The Socialist Workers Party (SWP) held its annual conference last weekend. It came as the Tories are in crisis, racism is rising and important developments are taking place in Jeremy Corbyn’s Labour Party.
In an early session Socialist Worker editor Charlie Kimber outlined the depth of the government’s problems following its disastrous general election performance. He said Theresa May is “very weak”.
But he argued that the Tories’ problems reflected “a much wider feeling against austerity, attacks on living standards and the political elite”.
Charlie added, “The mood of a revolt against the establishment that was shown in the Brexit referendum can’t be wholly divorced from the shattering defeat of 8 June.
“There is a bitter feeling in British society that comes out in many ways. Corbyn’s rise is welcome and has boosted campaigners. But it has also encouraged “a sense, particularly in the trade union leaderships, of an attitude of ‘We’re waiting for Jeremy’ rather than fighting now”.
Charlie spoke of the need to build resistance as a matter of urgency. “We can’t wait until a general election—which could be as late as 2022,” he said. “We need to drive the Tories out now.”
Charlie said socialists can play a role in clarifying issues and raising demands. “We have a vision of a workers’ Brexit,” he said. “We say no to the single market, the customs union and a second referendum, yes to the defence and extension of freedom of movement, more money for public services, and workers’ internationalism.
“We should fight for Labour and the unions to take up these demands.”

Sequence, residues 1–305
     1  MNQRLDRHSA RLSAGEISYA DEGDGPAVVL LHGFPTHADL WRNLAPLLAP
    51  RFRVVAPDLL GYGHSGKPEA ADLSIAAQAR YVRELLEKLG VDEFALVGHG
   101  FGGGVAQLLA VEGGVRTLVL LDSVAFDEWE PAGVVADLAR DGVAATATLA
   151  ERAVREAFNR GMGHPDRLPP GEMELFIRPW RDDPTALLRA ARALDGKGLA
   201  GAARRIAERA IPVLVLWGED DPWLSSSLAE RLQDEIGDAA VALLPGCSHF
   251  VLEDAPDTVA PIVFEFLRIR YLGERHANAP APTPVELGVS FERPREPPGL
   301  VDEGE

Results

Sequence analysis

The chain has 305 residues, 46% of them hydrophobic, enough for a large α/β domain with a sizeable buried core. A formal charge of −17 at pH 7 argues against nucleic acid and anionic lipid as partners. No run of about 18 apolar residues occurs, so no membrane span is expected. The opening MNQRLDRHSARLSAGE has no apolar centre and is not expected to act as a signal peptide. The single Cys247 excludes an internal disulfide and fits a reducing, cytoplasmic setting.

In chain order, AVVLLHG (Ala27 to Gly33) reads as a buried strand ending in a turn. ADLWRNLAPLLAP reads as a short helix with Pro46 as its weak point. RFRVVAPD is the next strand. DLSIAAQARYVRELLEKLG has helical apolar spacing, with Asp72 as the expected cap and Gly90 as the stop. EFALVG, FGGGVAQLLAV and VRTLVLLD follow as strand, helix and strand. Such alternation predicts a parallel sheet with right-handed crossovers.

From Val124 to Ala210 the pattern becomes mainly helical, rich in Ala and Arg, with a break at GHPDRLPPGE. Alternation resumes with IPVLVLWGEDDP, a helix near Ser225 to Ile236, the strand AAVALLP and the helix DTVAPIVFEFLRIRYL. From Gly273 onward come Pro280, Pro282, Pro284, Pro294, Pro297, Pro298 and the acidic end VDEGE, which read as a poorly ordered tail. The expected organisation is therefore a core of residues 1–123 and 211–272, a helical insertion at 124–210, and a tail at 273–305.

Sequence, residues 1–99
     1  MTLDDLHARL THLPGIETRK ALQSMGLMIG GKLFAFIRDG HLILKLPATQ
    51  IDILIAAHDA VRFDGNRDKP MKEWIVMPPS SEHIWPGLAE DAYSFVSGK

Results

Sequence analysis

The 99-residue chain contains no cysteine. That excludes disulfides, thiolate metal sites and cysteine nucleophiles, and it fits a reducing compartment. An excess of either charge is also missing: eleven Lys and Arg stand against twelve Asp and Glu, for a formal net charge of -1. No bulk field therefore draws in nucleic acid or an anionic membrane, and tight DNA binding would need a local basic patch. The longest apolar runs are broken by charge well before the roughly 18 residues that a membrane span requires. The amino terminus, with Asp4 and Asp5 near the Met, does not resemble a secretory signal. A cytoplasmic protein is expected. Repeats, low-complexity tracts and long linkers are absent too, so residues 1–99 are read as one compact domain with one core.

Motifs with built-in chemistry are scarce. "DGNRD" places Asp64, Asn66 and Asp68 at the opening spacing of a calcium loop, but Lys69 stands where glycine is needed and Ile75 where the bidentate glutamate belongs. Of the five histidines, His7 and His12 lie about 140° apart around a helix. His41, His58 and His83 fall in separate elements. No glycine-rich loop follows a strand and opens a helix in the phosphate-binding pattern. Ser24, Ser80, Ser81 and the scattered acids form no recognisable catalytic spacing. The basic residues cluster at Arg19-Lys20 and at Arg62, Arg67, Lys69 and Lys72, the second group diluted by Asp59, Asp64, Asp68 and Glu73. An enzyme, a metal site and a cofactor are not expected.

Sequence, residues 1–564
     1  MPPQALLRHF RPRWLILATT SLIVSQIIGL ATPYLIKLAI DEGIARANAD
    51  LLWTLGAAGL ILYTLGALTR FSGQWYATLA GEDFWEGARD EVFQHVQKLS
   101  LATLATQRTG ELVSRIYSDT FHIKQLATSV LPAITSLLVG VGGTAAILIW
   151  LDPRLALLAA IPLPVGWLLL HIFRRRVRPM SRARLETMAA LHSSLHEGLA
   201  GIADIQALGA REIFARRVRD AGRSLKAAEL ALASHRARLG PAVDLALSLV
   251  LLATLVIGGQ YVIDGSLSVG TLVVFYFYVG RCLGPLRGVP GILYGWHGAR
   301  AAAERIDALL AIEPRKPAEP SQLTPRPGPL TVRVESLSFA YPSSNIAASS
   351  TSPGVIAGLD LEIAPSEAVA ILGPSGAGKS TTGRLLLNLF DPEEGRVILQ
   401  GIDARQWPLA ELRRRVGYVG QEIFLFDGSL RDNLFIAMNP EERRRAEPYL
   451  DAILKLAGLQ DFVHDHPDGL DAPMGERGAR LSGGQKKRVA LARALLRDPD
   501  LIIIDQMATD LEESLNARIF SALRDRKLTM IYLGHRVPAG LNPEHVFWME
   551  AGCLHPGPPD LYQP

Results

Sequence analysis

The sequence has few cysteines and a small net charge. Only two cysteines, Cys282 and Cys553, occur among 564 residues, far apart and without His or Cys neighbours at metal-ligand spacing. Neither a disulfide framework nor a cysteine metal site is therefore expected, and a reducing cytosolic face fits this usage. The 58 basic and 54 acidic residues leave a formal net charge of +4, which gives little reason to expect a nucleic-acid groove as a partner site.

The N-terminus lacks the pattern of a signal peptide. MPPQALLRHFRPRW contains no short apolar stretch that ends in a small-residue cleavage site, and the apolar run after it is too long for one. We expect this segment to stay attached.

Charlie said the Tory crisis “raises expectations” that Labour will win the next election. But Labour has “not launched an active campaign of demonstrations and encouragement of strikes”.
He warned that, if Corbyn came to office, he would make demoralising compromises or experience immense hostility from the ruling class. Charlie argued for a movement on the streets and in workplaces to “defend Corbyn against the right, and push back against his hesitations and retreats”.
The SWP takes part with others in Stand Up To Racism (SUTR). This is a crucial initiative to win unity in the working class and resist all forms of racism. Racism frames every aspect of political life, and the fight against it is a central part of anti-austerity work.
All delegates who spoke about this at the conference said being part of SUTR is the party’s central priority.
That means local organisation, and in particular big anti-racist demonstrations on 17 March in London, Glasgow and Cardiff.
There was debate about how to do this and take up all the other aspects of fighting the Tories and the system.
Delegates agreed, “We need to work alongside Corbyn supporters but continue to argue for, and to build confidently and widely, an independent revolutionary organisation centred on struggle rather than parliament.”
In this discussion some 33 people spoke. Moyra said that people have “moved left” during the campaign over the Grenfell Tower fire.
A number of delegates spoke about attacks on benefits. They explained how Universal Credit attacks people reliant on benefits as well as low-paid workers.
A number of delegates discussed how to campaign when Labour councils implement cuts.
Jenny reported from housing campaigns in Haringey. She said, “Mobilisation enabled a purge of the zombie Blairites in the council.”